Amun could not let Ra's misdeeds go unpunished. He knew everything about the other god, including his strengths, unyielding personality, and unstoppable greed. After living for so long as one half of the same being, Amun felt it was his duty to rectify the injustices of his former partner. Even if it meant his death, Amun would not concede.
Amun (also Amon (/ˈɑːmən/), Amen; Ancient Greek: Ἄμμων Ámmōn, Ἅμμων Hámmōn) was a local deity of Thebes. He was attested since the Old Kingdom together with his spouse Amaunet. With the 11th dynasty (c. 21st century BC), he rose to the position of patron deity of Thebes by replacing Monthu.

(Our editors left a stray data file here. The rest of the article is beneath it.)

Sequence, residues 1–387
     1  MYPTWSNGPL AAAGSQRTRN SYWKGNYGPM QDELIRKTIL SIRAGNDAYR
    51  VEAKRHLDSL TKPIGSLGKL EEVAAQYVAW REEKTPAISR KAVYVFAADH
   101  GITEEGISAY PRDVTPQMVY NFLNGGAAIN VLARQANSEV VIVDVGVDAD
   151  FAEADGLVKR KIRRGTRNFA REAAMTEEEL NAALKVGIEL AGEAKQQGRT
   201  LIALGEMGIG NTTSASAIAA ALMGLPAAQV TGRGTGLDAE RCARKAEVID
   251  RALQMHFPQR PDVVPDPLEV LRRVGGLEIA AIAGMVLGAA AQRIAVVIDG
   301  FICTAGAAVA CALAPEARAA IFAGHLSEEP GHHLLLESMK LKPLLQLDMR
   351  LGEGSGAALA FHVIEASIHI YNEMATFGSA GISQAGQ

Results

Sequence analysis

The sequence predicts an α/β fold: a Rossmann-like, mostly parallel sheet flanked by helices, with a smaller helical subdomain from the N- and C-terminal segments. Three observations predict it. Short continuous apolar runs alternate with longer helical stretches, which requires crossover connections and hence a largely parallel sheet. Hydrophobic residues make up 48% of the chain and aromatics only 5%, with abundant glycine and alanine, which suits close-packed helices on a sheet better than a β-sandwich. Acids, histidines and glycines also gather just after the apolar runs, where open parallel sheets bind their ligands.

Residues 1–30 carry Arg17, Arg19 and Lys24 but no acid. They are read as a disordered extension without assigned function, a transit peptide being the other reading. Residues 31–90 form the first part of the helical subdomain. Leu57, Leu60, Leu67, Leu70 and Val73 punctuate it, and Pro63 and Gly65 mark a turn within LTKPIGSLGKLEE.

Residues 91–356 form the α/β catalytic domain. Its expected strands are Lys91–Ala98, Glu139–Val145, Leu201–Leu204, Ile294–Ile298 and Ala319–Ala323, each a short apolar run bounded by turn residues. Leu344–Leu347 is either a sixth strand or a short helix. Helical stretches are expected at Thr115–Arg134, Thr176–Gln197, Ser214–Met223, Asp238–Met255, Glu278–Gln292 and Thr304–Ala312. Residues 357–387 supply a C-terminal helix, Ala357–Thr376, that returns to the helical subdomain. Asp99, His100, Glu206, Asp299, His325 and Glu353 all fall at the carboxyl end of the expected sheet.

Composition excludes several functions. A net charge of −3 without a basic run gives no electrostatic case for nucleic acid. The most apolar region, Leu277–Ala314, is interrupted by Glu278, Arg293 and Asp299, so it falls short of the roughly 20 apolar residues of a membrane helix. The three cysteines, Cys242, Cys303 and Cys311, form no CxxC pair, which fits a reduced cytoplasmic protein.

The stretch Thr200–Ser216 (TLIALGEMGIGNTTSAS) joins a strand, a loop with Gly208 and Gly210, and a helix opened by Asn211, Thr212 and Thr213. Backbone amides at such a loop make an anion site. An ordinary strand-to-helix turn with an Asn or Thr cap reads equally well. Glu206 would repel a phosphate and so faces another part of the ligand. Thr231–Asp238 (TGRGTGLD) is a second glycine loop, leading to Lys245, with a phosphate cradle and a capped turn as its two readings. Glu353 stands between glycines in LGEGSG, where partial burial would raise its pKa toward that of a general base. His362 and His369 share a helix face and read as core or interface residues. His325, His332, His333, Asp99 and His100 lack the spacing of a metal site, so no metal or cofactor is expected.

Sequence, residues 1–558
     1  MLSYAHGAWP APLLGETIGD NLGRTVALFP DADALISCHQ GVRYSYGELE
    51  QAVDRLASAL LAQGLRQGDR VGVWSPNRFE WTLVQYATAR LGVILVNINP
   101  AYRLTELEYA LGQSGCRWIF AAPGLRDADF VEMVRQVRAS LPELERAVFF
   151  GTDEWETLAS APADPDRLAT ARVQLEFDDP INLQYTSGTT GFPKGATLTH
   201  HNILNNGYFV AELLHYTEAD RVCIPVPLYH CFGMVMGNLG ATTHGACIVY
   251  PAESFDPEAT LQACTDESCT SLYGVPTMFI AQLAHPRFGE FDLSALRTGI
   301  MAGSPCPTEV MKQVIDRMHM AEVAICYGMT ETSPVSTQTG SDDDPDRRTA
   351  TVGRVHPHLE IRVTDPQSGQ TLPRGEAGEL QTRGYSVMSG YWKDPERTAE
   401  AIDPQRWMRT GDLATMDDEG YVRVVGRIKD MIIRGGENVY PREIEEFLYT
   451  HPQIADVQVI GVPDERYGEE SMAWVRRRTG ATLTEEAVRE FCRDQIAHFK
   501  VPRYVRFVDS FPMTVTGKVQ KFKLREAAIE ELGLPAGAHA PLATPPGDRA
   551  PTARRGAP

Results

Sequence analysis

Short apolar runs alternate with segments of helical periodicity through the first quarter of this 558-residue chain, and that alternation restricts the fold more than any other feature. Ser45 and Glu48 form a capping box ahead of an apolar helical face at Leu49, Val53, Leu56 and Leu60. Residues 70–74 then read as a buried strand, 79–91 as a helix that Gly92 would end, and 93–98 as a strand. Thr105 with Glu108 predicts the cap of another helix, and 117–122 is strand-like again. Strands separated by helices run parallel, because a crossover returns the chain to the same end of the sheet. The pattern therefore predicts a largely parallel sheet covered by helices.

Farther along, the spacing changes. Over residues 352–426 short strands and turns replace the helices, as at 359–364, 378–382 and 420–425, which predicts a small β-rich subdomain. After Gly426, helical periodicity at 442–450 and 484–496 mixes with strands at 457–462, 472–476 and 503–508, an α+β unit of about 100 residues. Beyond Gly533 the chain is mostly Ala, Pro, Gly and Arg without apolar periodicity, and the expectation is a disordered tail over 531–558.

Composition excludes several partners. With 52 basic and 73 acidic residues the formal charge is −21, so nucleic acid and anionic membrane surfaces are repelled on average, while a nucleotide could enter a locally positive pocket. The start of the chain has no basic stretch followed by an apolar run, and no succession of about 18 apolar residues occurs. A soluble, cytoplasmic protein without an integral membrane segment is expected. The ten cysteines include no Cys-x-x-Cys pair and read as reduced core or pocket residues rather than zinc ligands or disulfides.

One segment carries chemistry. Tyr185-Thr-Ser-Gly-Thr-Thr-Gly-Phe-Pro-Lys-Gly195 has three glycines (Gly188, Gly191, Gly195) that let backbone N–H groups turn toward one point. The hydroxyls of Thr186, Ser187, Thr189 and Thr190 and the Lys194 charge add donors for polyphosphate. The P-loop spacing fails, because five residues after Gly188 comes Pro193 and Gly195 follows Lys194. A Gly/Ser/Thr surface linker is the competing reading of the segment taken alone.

After the rebellion of Thebes against the Hyksos and with the rule of Ahmose I, Amun acquired national importance, expressed in his fusion with the Sun god, Ra, as Amun-Ra.
Amun-Ra retained chief importance in the Egyptian pantheon throughout the New Kingdom (with the exception of the "Atenist heresy" under Akhenaten). Amun-Ra in this period (16th to 11th centuries BC) held the position of transcendental, self-created creator deity "par excellence", he was the champion of the poor or troubled and central to personal piety. His position as King of Gods developed to the point of virtual monotheism where other gods became manifestations of him. With Osiris, Amun-Ra is the most widely recorded of the Egyptian gods. As the chief deity of the Egyptian Empire, Amun-Ra also came to be worshipped outside of Egypt, in Ancient Libya and Nubia, and as Zeus Ammon came to be identified with Zeus in Ancient Greece.